Ruth DeSantis has a word of advice for Central Alberta farmers who are tired of seeding canola and grain.
A business development officer with Alberta Agriculture and Rural Development, DeSantis said her department would like to see more of the versatile plant grown in this province, including in the central region.
“We want people to develop more of a knowledge and awareness about the industry, and then hopefully pursue opportunities as they arise with hemp in Alberta.”
To that end, Alberta Agriculture is working with Broadacre Farms, Fiber-Werx International Inc., Central Alberta: Access Prosperity, Alberta Innovates – Technology Futures, and the Alberta Biomaterials Development Centre to organize a hemp-focused tour in the Sylvan Lake area. Scheduled for Aug. 15, the morning event will begin with a tour of an area farm where hemp is grown.
“We’re going to be hearing from an agronomist from Alberta Innovates — Technology Futures,” said DeSantis. “He works a lot with hemp all over the province.
“Then Alberta Agriculture is going to talk a bit about the opportunities with the food industry, and then the fibre industry.”
The tour will then move on to Sylvan Lake’s Fiber-Werx International, which has used hemp composites in a couple of projects. One involved body parts for a prototype electric car and another an innovative skateboard.
“We are looking at taking that to market,” said Sarah Olson, marketing director with Fiber-Werx, about the skateboard project. “So that will be an end-use consumer product made with hemp fibre.”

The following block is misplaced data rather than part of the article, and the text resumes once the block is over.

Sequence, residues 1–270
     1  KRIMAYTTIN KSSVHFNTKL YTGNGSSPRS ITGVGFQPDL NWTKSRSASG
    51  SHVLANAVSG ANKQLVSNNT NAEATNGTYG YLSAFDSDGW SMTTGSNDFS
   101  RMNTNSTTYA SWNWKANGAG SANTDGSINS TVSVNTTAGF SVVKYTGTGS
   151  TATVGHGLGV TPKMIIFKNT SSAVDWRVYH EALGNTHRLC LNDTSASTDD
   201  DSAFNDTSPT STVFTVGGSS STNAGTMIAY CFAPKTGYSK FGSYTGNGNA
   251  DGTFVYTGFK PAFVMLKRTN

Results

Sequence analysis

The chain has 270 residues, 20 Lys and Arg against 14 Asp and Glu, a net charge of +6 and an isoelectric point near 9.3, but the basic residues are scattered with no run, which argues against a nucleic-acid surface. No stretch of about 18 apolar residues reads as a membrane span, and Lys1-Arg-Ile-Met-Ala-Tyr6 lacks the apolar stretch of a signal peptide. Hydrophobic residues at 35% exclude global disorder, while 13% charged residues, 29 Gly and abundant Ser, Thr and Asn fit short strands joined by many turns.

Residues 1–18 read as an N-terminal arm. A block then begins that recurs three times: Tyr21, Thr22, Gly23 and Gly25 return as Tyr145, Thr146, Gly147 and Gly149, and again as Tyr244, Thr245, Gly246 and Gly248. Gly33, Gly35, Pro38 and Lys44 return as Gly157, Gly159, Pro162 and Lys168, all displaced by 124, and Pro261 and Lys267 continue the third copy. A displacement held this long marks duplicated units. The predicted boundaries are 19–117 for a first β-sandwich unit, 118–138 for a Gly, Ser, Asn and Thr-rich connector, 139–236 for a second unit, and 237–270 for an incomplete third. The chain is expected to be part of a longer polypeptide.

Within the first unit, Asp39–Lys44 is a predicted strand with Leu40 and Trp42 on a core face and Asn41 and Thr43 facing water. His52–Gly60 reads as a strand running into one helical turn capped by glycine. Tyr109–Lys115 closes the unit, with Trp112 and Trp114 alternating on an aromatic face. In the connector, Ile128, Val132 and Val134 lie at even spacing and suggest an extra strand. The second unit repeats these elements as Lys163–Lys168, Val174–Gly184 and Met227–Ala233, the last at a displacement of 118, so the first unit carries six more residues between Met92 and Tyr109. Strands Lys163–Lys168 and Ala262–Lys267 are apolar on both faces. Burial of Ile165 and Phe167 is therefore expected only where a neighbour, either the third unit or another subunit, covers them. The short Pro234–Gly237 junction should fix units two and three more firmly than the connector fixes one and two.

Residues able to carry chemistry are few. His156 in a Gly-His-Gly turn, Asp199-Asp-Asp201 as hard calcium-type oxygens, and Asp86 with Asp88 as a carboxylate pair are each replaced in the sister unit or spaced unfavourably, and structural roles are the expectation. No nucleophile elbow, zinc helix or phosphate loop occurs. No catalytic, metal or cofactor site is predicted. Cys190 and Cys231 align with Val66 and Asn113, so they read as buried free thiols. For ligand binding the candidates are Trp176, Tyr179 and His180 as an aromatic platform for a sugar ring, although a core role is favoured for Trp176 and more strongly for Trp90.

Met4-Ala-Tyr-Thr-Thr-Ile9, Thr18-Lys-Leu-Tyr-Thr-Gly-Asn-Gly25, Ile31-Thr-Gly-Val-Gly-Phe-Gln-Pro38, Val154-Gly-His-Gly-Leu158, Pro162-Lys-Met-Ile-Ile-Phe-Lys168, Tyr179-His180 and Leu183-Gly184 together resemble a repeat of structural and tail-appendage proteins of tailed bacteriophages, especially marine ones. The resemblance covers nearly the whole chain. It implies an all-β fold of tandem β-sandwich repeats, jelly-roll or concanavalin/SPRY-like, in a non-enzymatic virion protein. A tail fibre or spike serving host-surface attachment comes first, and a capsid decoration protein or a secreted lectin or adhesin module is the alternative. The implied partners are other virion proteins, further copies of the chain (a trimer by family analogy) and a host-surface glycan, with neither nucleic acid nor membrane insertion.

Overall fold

The prototype hemp car, she added, is on display at Composites Innovation Centre in Winnipeg.
Olson said tour participants will learn how hemp has and can be used to produce commercial products.
“One of the things that we’ll be talking about is the applications of hemp fibre with composite materials — what can be done and what the benefits are.”
Fiber-Werx can even help with this process, she added.
“If somebody had an idea for a consumer product that they wanted to make, say out of a bio-material and composite material, we are functionally capable of producing that.”
In addition to composite materials, hemp can be used to produce food products, textiles, building materials, erosion control products and other items, said DeSantis.
She’s hoping the tour will stimulate interest in these, and also plant the seed for collaboration between potential growers and commercial users.
“We want to raise awareness about opportunities in the hemp industry and also about the best management practices for growing hemp.”
Alberta Agriculture has hemp research plots in Lethbridge and Vegreville, and is planning a similar tour in Lethbridge on July 23. It would like to see morel fields seeded to hemp, said DeSantis.
“This is a way to help diversify what we can offer in the province.”
The Aug. 15 tour will begin at 8:30 a.m. in the parking lot of the Sylvan Lake Walmart at 3420 47th Ave., with participants travelling together to Broadacre Farms and then Fiber-Werx.
Those interested in obtaining additional information or confirming their intention to take part can email DeSantis at Ruth.DeSantis@gov.ab.ca, but registration is not required.